Reduced Classroom Ventilation
Very nice article ("Making a Case for Reduced Classroom Ventilation" by Ernest MacFerran, PE, CIAQP, Managing Your Facilities, December 2010). I wonder what kind of reaction it will bring. I think many engineers—myself included—feel we are overventilating buildings, especially in Florida, where ambient air is so humid. But the "green" folks may feel threatened by the author's proposition. It should be interesting.
William M.R. Greenlees, PE
Great article. Thanks to the author for both his research and standing up to (ANSI/ASHRAE) Standard 62.1 (Ventilation for Acceptable Indoor Air Quality). We need more people standing up and telling ASHRAE (American Society of Heating, Refrigerating and Air-Conditioning Engineers) it is wrong.
United Engineering Group Inc.
I really appreciate the author and his school district for making the effort and, of course, going to the expense of commissioning the study. It confirms my long-held gut-level feeling that we are most likely overventilating schools and other occupancies based on some pretty weak science.
Thomas R. Alexander, PE
Talex Inc., Engineers
Wonderful article. It proves what we have suspected for years: Overventilation is an unnecessary waste. Thanks to the author for doing a major part to reduce energy waste.
Jack Bruns, PE
Architectural Design Guild
St. Louis, Mo.
Great article. I e-mailed it to several people. I hope it is read by thousands of engineers and code officials across the country. There is no need to continue wasting money on bigger equipment and energy consumption.
Ossi Consulting Engineers Inc.
Great article. It clearly indicates the highest level of research and ability to create innovative avenues to save tax dollars and still provide an efficient level of comfort for staff and students. Hats off to the author; he is a true pioneer and innovator.
Terry L. Goins
Florida Industrial Plumbing LLC
I have provided indoor-air-quality- (IAQ-) testing services on several projects and was a little taken aback by the pricing in the article "Commissioning Pitfalls and How to Avoid Them" (Engineering Green Buildings, October 2010). One thousand dollars to $2,000 is a gross underestimation of the cost of this service for a building of any size. Putting that kind of pricing out to potential buyers of this service is doing them and the providers a disservice. On top of the cost of renting (if not owning) the testing equipment and labor, one has to pay a laboratory to analyze samples. Additionally, the time of "a few hours" given in the article is dependent on building size and the equipment available to rent. Some pumps run 4 hr and others 8 hr. A multifloor building could take several days to test.
Gretchen Coleman, PE, CCP, CxA
Gretchen Coleman Commissioning Group LLC
The pricing in the article is from past projects, so it is real. Nonetheless, your point is well-taken. The projects were tenant fit-outs in high-rise buildings in New York. The IAQ firm charged about $1,000 as a flat fee to cover its labor, plus $700 per test for laboratory fees. The LEED green-building certification system requires a test for each zone or 25,000 sq ft of floor area, with a test time of 4 hr per test. Therefore, for one zone of 25,000 sq ft or less, the fee would be about $1,700, including on-site labor, equipment, laboratory fees, and a brief report.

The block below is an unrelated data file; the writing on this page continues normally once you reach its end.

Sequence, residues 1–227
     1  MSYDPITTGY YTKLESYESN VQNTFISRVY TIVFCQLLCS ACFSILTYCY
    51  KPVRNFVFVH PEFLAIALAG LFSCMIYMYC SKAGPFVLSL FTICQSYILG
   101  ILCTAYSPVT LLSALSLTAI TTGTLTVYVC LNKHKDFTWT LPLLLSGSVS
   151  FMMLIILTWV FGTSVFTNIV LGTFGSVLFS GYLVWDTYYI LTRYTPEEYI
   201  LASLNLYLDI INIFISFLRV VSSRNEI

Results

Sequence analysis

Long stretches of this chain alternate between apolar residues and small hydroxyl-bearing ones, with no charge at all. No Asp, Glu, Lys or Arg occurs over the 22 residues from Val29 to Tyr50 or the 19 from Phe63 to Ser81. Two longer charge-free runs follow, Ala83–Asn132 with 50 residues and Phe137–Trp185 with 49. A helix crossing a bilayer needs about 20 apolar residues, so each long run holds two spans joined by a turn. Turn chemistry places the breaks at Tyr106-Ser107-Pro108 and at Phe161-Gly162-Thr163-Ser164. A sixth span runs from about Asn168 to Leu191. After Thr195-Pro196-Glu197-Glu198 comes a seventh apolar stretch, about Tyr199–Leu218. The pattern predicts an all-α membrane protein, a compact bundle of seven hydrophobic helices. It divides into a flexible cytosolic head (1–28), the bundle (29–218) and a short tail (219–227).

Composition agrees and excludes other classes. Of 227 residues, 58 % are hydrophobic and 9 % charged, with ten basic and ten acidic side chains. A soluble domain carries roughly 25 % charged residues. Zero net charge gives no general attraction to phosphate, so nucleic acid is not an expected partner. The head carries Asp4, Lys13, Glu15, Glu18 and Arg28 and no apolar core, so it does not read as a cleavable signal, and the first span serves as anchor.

At costs of $1,000 a day for labor and $700 per test, a firm with sampling equipment could run 10 tests in a day for a 200,000-sq-ft high-rise build-out (a relatively large project) at a total cost of about $8,000. If the firm had to travel 500 miles and perform 20 tests, the fee could be $20,000, including travel and per-diem expenses.
The laboratory times in the article are for standard service, which means a two- to three-day turnaround. For next-day service, laboratory fees could jump to $1,000. Lastly, in the scenarios in the article, it is assumed the company owns the testing equipment. Renting equipment causes cost per test to rise.
Ron Wilkinson, PE, LEED AP
AKF Group LLC
New York, N.Y.
This article ("Commissioning Pitfalls and How to Avoid Them") does a good job of recapping speed bumps in the commissioning process that can be avoided with better planning and includes good suggestions for avoiding common problems. My one criticism is that it does not differentiate between tasks required by LEED and tasks required only if the LEED enhanced-commissioning credit is pursued. This will confuse readers who are less familiar with LEED and commissioning and who appear to be the target audience for the article.
Unfortunately, a breakdown of the tasks for LEED fundamental commissioning and LEED enhanced commissioning was beyond the scope of the article. Fundamental commissioning is a prerequisite of the new-construction LEED programs; it must be done. Enhanced commissioning is optional and earns extra points toward certification. Of the pitfalls discussed in the article, only one, the design-review pitfall, is exclusively an enhanced-commissioning requirement. The others are more general in nature and could occur even on non-LEED projects. Refer to the LEED for New Construction v2.2 Reference Guide (available for purchase at http://bit.ly/gk82lq) for more details.
Ron Wilkinson, PE, LEED AP
AKF Group LLC
New York, N.Y.
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